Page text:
Southwest Airlines Corks Free-Flowing Liquor

January 20, 1988|Associated Press

DALLAS — Southwest Airlines Co. has made its last call for free alcoholic drinks, ending an era for a carrier once known as one of the busiest bartenders in Texas.

Southwest earlier this month corked the free booze on weekday flights during peak hours in a belt-tightening move, airline spokeswoman Charlotte Goddard said.

The Dallas-based company some time ago stopped serving free alcoholic drinks on off-hour and weekend flights.

Goddard said she expected some adverse reaction, but not much. Frequent business travelers, the original targets of the drinks program, will be offered some drinks either discounted or on the house.

"We think our customers will understand that this was a business decision" to maintain competitive rates, she said. She also said Southwest's prices, $2 for cocktails and $1 for beer and wine, are similar to other airlines' prices and a bargain.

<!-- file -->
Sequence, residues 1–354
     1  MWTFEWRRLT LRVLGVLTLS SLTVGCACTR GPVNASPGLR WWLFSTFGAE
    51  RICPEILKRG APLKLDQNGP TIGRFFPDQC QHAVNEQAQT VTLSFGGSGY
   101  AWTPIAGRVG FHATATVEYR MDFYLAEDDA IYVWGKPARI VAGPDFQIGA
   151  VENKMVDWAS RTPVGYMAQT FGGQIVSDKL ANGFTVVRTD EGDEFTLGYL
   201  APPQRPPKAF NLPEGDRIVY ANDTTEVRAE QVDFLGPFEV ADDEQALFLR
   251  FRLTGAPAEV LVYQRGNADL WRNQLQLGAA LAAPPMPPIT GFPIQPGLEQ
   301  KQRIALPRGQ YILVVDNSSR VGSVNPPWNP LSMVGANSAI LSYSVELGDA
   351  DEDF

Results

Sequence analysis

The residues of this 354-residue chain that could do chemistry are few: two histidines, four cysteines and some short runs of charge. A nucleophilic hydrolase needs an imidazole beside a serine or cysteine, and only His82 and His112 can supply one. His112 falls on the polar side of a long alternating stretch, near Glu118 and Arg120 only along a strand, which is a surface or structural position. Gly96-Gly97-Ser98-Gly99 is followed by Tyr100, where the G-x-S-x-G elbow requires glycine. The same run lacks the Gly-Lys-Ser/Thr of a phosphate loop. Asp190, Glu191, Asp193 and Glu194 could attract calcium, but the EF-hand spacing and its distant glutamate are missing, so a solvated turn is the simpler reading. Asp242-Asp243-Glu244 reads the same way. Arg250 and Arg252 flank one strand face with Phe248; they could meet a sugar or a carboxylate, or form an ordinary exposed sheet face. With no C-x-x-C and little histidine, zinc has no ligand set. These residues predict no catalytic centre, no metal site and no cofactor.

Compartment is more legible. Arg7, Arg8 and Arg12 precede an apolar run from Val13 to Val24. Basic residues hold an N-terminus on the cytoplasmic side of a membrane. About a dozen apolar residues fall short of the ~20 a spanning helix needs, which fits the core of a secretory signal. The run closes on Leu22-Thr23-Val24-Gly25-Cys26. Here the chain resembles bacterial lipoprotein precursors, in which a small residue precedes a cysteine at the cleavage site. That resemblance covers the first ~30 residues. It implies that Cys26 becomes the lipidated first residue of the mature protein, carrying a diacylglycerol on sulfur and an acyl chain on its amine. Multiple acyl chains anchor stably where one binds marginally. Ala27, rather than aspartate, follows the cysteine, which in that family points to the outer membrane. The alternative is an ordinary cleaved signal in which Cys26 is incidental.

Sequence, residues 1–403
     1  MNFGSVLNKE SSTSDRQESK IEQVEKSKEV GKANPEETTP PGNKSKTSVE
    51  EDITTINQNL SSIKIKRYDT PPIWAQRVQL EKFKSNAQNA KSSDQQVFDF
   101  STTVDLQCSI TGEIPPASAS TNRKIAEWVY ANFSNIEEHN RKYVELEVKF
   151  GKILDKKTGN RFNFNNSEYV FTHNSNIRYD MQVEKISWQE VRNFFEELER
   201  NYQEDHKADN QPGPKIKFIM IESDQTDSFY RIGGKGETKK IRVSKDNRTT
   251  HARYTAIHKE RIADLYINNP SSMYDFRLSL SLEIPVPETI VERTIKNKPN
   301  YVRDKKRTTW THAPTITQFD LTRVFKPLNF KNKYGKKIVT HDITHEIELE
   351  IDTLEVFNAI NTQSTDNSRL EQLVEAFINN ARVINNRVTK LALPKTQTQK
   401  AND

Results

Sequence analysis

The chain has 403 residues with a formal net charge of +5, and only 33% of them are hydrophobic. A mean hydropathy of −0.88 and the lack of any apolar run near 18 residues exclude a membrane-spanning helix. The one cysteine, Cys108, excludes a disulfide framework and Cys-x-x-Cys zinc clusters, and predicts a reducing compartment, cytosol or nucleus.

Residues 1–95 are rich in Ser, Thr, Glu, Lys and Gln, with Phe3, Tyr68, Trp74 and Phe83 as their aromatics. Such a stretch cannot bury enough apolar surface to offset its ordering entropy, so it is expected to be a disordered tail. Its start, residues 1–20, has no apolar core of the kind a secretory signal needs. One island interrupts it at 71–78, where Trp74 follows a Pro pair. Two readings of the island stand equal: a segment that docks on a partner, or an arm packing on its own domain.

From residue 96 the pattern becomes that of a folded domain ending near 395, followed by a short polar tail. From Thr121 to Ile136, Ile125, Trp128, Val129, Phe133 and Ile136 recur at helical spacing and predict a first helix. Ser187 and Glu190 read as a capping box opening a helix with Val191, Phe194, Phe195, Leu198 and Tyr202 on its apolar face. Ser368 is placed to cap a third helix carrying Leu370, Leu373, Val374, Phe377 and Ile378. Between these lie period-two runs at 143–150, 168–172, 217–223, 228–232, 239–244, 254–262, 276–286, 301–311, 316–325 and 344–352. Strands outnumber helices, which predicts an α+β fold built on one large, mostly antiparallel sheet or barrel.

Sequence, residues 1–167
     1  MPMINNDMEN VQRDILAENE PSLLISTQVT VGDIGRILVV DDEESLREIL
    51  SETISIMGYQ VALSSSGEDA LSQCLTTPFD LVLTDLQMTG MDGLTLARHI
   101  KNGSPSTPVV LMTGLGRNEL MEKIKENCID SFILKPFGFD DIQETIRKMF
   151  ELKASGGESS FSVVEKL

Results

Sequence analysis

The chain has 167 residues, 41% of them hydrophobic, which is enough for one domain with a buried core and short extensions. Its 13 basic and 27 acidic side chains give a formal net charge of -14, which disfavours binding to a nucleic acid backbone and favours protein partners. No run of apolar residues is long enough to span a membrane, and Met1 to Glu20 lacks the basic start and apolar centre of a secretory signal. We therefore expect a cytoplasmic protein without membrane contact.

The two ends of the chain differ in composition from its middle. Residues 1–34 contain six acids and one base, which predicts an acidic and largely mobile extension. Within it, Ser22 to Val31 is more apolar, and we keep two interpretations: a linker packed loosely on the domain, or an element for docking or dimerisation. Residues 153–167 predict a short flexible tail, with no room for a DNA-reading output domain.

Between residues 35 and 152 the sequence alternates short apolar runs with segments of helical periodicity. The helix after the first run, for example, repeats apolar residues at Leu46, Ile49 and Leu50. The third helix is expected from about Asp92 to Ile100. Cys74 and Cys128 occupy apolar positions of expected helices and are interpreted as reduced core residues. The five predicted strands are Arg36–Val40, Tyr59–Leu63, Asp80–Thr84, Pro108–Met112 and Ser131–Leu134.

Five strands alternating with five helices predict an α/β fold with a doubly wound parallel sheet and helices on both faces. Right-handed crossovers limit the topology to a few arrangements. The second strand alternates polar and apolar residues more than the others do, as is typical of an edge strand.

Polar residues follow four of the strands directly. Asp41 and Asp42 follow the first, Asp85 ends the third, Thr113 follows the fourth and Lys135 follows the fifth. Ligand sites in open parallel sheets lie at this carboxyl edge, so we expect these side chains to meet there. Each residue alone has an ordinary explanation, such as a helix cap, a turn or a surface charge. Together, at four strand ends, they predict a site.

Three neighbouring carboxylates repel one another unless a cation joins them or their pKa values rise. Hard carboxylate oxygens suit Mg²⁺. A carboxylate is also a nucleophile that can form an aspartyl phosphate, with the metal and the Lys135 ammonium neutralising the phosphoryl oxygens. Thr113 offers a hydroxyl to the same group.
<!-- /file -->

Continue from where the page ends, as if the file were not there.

Still, it's a far cry from the days when free-flowing alcohol was as much a part of the airline's image as stewardesses clad in hot pants.

As a fledgling intrastate commuter, Southwest used booze to battle the big boys, Goddard said.

She said that in the early 1970s, Braniff Airways and Texas International offered fares between Houston and Dallas for $13. At Southwest, the same trip cost $26.

So Southwest gave Dallas-to-Houston passengers a choice--they could pay $13 or pay the $26 and get a free premium bottle of liquor.

"Since many of the businessmen were on expense accounts, they paid the higher fare and got the liquor," she said.

The offer became one of the most popular promotions at Southwest. In company lore, Goddard said, Southwest became the largest liquor distributor in the state.

Southwest, founded in 1971, serves 27 cities in 13 states.

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